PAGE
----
Wednesday, 14 July 2010

Warrior Princess (colour study)

Manga isn't everyone's cup of tea, but it has helped me a lot to understand a few things, like reflections, colour, and even skin tones. It is also an easy way to do colouring. I did this one today for fun. =)

The basic process is to colour the basic shapes in first using a flat colour, for example the skin, armour, hair, wings and cloak were all made different, flat colours. Shadows are painted on next, then midtones, and then finally highlights.

I paint into the flat shapes using mostly hard brushes, it looks really rough at first, and sometimes the flat colour even changes if I don't like it.

Use a few layers to separate the shapes so you can cleanly shade them. Also use several layers for your flat colours and your shadows, midtones and highlights.

Form is painted on with two or more colours within the same hue. Shadows are mostly flat shapes which are cut along the form using an eraser.

Hair is soft, so it gets a hard brushing initially, but then I go over it with an eraser with opacity set to pen pressure.

Drapery is similar, except there is more attention given to the edges using a hard eraser, and then some blending using the smudge tool (be very careful with this tool, it can easily ruin your work). Try to think of the form of the drapery when you smudge.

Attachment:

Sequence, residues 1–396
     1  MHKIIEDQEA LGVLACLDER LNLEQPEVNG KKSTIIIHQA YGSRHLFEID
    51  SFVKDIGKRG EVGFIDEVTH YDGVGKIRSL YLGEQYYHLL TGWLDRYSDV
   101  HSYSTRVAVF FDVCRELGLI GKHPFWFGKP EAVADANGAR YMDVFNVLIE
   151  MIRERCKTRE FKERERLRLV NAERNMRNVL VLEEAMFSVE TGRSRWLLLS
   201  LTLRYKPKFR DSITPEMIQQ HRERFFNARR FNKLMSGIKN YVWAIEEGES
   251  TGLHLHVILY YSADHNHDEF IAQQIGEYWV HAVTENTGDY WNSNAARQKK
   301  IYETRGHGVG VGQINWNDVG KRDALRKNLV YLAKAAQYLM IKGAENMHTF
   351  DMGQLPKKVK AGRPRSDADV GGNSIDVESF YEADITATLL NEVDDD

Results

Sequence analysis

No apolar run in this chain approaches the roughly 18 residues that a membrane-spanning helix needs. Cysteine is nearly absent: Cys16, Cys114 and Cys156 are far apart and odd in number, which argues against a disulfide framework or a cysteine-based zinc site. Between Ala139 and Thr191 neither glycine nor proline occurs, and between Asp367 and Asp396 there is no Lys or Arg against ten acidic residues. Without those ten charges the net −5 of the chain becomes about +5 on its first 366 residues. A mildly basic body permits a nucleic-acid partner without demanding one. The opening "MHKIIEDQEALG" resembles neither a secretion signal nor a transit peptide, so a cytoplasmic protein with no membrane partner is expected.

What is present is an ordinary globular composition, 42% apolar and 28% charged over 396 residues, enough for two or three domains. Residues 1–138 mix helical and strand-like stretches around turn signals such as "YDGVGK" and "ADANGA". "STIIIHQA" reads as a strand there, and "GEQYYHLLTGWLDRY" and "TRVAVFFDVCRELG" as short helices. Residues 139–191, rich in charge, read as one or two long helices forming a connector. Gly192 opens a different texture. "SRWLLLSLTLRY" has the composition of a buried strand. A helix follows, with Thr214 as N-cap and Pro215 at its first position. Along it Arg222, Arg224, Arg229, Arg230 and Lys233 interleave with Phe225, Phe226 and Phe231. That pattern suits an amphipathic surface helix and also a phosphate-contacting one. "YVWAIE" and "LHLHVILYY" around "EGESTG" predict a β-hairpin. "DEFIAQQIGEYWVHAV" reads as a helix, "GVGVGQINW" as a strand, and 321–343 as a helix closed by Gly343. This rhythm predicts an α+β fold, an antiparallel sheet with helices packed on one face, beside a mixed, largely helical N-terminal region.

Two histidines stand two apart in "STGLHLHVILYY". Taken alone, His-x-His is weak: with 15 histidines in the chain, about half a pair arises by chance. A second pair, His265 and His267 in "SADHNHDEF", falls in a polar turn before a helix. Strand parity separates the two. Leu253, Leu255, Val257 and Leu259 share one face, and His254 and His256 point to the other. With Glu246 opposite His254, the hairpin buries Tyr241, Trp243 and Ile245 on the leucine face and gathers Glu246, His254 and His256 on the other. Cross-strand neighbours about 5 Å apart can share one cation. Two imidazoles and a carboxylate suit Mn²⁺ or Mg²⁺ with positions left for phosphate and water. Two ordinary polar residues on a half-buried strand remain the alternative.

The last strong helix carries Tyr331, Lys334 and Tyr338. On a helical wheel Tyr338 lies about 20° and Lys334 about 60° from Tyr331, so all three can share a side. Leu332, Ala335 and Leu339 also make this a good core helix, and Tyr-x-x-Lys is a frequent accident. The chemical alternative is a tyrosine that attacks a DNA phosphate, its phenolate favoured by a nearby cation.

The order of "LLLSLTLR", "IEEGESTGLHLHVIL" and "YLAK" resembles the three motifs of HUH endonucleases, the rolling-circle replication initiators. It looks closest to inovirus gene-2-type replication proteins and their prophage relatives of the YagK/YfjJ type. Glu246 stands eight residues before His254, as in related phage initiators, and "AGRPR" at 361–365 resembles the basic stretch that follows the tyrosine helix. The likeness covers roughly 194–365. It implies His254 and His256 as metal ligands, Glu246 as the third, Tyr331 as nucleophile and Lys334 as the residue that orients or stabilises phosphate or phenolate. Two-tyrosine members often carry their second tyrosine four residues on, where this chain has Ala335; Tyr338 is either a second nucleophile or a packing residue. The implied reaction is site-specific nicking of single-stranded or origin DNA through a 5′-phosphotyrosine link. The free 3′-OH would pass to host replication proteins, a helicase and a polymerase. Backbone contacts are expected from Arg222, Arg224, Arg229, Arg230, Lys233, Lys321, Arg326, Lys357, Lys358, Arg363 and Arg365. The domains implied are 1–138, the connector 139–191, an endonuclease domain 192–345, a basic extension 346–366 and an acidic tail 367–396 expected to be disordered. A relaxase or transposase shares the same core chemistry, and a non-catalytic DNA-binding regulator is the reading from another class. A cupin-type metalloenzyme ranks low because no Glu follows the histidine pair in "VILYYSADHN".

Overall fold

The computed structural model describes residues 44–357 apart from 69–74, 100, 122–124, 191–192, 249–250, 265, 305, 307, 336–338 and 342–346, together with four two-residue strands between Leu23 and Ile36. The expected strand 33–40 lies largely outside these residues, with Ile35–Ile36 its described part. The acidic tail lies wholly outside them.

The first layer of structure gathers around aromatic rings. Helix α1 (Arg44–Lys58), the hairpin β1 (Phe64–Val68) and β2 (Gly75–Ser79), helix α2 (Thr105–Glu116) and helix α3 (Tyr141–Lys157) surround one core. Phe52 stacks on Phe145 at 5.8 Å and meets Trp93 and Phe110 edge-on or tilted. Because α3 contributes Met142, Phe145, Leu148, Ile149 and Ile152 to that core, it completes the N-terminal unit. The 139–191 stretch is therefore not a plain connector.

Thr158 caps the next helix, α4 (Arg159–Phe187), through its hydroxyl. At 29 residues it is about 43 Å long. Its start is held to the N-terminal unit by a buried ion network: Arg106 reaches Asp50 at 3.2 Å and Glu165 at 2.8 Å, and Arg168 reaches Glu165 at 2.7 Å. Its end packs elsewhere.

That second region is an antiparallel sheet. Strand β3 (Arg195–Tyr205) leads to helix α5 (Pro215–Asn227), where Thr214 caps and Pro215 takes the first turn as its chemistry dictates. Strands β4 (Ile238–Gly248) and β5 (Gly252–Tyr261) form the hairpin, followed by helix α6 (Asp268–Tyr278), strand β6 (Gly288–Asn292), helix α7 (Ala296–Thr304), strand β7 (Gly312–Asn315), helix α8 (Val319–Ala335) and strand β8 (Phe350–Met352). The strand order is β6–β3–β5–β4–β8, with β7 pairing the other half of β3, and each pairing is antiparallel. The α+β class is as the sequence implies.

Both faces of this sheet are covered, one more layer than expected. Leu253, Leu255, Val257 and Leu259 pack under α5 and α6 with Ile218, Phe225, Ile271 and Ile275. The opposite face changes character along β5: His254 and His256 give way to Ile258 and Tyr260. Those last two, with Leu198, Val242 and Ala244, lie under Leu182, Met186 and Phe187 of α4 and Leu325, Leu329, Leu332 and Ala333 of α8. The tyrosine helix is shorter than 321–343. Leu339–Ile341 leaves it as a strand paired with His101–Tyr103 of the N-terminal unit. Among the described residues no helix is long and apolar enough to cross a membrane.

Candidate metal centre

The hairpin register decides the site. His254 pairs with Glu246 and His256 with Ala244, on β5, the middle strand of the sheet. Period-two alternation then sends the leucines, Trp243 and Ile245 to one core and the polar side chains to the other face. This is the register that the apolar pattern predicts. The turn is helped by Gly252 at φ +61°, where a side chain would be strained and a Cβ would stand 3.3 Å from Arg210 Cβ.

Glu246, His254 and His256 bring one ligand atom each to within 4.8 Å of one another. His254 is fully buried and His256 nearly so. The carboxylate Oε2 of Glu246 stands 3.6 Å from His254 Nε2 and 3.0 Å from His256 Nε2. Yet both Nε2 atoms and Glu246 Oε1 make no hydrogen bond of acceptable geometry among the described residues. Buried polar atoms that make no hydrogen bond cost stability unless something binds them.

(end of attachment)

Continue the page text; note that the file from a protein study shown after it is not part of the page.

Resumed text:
Wings are also similar to the drapery, except it is a harder surface, and because these wings are more metallic, they need a hard eraser for the shadow.

Skin tones aren't difficult. Begin with any colour (skin can theoretically be any colour, it is highly reflective). Then gradually build up a light tone, your brush must have opacity set to pen pressure, and you gently brush in tones. Don't go crazy with it though, skin has very subtle gradations.
Highlights for everything are painted with a highly desaturated and high value of the hue, close to white but not quite. Use mostly a hard brush, with opacity set to pen pressure.

Shadow, in this case, because it's manga, is painted mostly with a hard brush, and then erased back with hard eraser.

I always brush along the form, and then when blending (with smudge or a regular brush and sampled colour), emphasise the other direction by brushing against the form.

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